The tour started in the nuns' refectory and we were told about the history of the abbey, the famous abbesses and how the abbey coped with the changes of the Reformation. From the refectory, we visited the beautifully painted kitchen (the colours have their respective significance) with its baroque furniture depicting the saints and the virtues. The abbey has a herb garden that is still in use and an extremely beautiful chapel that possesses a painting by Lucas Cranach. We also got to see the ornate organ and were told how to ring the bells. Then we visited the dark and small cells of the nuns. The richer nuns had better cells by the way. After the tour of the abbey, I visited the tapestry museum and this was a very beautiful experience as I have never seen such beautiful tapestry before.
The Kloster is a good 20-minute walk from downtown Luneburg but the walk through the forest is a very calming experience that kind of prepares you for the serenity of the abbey. There is a cafeteria that serves local food and beer. The garden outside is quite beautiful and I loved the roses. As this is still a functional monastery, you might see people working in the workshops attached to the place. The visit (both the monastery and the tapestry museum) costs 8 euros. Some of the stairs can be difficult to climb. The ceilings were low and we were advised 'demut' or 'humility' as befitting a cloister and so as not to bump our heads!
I am unsure why this placed has not been reviewed here - one doesn't get a chance to visit a fully functioning medieval monastery all that often.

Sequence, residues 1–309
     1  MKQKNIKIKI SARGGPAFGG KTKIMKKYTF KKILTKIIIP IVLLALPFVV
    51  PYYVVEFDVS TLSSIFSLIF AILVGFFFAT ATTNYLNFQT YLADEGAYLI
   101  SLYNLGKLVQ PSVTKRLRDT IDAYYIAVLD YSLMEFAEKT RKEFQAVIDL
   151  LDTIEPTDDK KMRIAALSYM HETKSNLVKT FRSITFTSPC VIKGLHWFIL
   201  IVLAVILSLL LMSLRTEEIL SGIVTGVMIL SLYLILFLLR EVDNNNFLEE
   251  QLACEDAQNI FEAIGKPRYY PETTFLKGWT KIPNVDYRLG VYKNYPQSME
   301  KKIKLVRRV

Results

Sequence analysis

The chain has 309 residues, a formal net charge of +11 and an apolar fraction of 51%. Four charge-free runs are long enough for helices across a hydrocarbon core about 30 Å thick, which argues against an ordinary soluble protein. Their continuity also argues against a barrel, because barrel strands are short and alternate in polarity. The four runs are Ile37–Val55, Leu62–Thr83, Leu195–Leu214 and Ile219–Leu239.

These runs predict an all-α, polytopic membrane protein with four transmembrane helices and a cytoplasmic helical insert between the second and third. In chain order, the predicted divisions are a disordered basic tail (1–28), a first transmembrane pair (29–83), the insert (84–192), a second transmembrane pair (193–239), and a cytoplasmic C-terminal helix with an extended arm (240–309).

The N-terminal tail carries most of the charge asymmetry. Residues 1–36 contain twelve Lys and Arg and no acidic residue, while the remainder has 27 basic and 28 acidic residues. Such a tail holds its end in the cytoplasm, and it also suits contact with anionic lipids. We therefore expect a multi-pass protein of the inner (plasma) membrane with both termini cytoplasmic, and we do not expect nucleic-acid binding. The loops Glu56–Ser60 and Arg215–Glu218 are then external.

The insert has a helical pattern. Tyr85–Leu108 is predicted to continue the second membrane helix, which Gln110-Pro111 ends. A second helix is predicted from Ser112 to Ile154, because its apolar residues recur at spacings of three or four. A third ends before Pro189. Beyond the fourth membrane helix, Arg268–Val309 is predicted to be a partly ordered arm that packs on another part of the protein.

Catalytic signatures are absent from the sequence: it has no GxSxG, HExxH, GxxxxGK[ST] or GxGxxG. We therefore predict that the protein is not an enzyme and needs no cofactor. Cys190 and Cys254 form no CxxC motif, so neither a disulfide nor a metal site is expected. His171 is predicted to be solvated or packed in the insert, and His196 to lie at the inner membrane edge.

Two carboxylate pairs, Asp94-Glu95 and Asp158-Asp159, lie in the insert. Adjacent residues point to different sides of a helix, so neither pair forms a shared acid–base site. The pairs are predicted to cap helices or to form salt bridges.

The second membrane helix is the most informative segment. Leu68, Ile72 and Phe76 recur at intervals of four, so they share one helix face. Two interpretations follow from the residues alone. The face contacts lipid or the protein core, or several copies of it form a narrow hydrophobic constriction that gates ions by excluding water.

4.5 based on 24 reviews
Kurpark Lüneburg is a wonderful facility. Since 1907 the park is a place for relaxation and contemplation. It is designed in the tradition of English landscape parks.
Because in Lüneburg there was extracted salt they built a brine concentrating house in the park. The salt water is dripping thru a large framework of blackthorn. So the brine is concentrated and thru wind you can breathe the salt drip air which is very good for the breathing apparatus.
In the park you find a great variety of interesting trees, himalaya birches, catalpa, different species of maples, oaks, beeches, larches and many more. In a sheltered place you find an herb garden with an insects' hotel.
You can lie or play on the lawns or sit on many benches, in the sun, in the shade, at a lake, or play boccia or chess on special places.
There is a stage for Concerts with a nice covered round to sit and an open auditorium. Even a café you find there.
It is always worth to visit for health and relaxation.
4.5 based on 20 reviews
One of the old, traditional churches of Lüneburg, St Nikolai is a massive gothic church, built in the style of many other Hanseatic churches, but with its own special touches, given that it was the church for sailors and merchants who at one time lived in the neighbourhood and later also known as the church of the patron saint of children.
4.5 based on 13 reviews